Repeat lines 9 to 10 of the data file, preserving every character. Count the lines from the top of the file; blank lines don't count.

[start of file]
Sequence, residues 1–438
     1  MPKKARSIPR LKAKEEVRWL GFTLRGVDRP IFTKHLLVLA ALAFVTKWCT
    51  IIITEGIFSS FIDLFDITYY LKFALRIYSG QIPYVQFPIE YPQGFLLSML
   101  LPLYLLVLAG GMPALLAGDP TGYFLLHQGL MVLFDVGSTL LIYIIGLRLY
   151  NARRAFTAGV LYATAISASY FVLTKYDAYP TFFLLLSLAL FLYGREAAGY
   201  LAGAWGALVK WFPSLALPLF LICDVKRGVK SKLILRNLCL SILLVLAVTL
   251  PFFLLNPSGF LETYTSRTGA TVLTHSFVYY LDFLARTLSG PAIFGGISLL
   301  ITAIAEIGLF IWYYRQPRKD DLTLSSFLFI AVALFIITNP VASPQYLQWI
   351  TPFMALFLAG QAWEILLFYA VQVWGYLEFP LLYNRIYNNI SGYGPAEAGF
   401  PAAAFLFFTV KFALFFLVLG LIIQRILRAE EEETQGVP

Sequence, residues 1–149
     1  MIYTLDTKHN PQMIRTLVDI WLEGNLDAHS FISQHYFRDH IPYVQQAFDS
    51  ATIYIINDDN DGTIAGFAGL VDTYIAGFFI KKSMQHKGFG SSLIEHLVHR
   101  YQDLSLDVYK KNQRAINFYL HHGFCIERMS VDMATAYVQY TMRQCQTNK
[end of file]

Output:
   351  TPFMALFLAG QAWEILLFYA VQVWGYLEFP LLYNRIYNNI SGYGPAEAGF
   401  PAAAFLFFTV KFALFFLVLG LIIQRILRAE EEETQGVP